“What would my son or daughter do in that situation?” The news of school shootings and other violence is hard to escape these days. Along with it comes the cruel reality that the same thing could happen to anyone’s child. It’s a scary thought.
This reality hit me hard after the Sandy Hook Elementary School shooting in 2012. At the time, my son was a five-year-old kindergartener. I watched the coverage in disbelief and kept thinking this could have been his classroom. Would he have known what to do? Would his teacher? Would anyone? That was the point when I decided that it was my job to teach my four children how to be safe in the event of a violent intruder.
But how could I, a mom from small-town Wyoming, even know where to start?
I quickly turned my attention to Google. I poured my energy into finding what I thought was the best way to protect my kids. I wasn’t solely focused on the type of violent event they could encounter. Kids can get hurt by someone with a gun or knife, by a stranger driving a windowless van – or in any other scary scenario we can only imagine. What was important was learning how to respond. That’s when I found A.L.I.C.E.
A.L.I.C.E. is a training curriculum that was developed shortly after the Columbine massacre in 1999 by a police officer and his wife, who was a school principal at the time. Their goal was to develop strategies children could use in the event of an active shooter. But what they found was that those strategies could be useful for victims of any age, during any type of violent event.
According to the ALICE Training Institute, A.L.I.C.E. is an easy-to-remember acronym that teaches different strategies people can use in the event of a violent intruder:
- A – Alert
- Be alert to your surroundings.
- Trust your gut. If something doesn’t seem right, don’t ignore it.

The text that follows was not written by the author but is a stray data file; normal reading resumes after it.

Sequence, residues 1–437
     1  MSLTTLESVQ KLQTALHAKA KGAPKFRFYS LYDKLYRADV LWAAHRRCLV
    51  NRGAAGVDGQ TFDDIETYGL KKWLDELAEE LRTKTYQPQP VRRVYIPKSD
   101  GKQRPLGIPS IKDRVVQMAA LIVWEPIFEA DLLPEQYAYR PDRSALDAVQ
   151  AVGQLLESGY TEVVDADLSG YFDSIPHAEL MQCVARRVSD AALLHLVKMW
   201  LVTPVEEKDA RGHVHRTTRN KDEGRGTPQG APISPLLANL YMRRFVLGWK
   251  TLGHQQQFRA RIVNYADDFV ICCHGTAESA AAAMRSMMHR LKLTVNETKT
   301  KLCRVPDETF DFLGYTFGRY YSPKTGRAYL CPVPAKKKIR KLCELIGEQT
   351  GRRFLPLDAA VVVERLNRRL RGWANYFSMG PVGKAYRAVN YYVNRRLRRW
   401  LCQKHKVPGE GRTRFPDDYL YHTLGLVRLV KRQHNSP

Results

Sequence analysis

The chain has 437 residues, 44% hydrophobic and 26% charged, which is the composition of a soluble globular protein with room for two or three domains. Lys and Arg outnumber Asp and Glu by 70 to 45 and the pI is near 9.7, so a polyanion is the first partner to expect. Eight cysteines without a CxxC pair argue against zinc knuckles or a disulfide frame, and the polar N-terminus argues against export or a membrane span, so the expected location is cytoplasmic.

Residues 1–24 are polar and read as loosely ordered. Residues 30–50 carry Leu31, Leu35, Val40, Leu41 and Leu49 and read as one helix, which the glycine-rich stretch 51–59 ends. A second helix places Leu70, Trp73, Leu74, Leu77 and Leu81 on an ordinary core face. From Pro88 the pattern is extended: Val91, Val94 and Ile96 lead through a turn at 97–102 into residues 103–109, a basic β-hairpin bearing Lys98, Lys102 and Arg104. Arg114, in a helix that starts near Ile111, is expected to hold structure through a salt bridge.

- If you hear a strange sound or see something that seems off, investigate it.
- L – Lockdown
- If you cannot escape a violent intruder, lock down and barricade your area.
- Barricading is crucial. Don’t just sit against a wall or under a desk waiting for a violent intruder to enter the room.
- Make it harder for the violent intruder to get to you.
- Don’t wait to be attacked. Be proactive.
- I – Inform
- Tell people what is going on.
- Call law enforcement, post on social media, make an announcement on a PA system.
- Communicate with everyone.
- Spread the word any way you can.
- C – Counter
- If left with no choice, defend yourself.
- Defending yourself could mean throwing things at a violent intruder, creating a distraction, moving around or even engaging in physical contact.
- Do whatever it takes to survive.
- Fight for your life – because it might be your last chance.
- E – Evacuate
- Get out!
- The best response is always to remove yourself from the threat.
- If you can’t evacuate, try the lockdown and counter strategies.
These strategies can be employed in any order, and at any time. Data show that taking a proactive response to these incidents – when people realize they have options and can help themselves – can increase survival rates substantially.
As for me? I just wanted to make my children a little safer. It’s not necessarily anyone else’s job to teach them what to do in these situations. In fact, there are many places that still tell victims to crawl under desks or tables and wait to be rescued. Yet, the data show that violent intruder events are commonly over before law enforcement arrives at the scene. So I wanted to empower my kids, let them know they can take action to increase their chances of survival.
I strongly believe in giving people options in these situations. So I became a certified A.L.I.C.E. trainer in 2015. I have trained hundreds of people throughout Wyoming who work in government agencies and businesses, as well as kids. And every time there is a violent intruder event on the news, I reinforce the A.L.I.C.E. strategies with my own kids at home and practice drills with them.
I recently hosted an A.L.I.C.E. training event for Magellan Healthcare of Wyoming’s MY LIFE (Magellan Youth Leaders Inspiring Future Empowerment) program, attracting more than 60 students, parents and others from across the state. At the beginning of the discussion, I asked the group, by raise of hands, how many thought they would survive a violent intruder event. Roughly five people raised their hands. At the end of the class, I asked the group the same question, and every single person raised their hand.
A.L.I.C.E. training has evolved into offering its curriculum to nearly 12,000 law enforcement agencies, K-12 schools, healthcare facilities, higher learning institutions, businesses, governments, houses of worship and numerous other entities across the country. A.L.I.C.E. is about saving lives. My goal is to share these strategies with as many people as I can. Just like I wanted to prepare my kids, I believe that all of us can do a lot to save ourselves and each other. To learn more, visit https://www.alicetraining.com.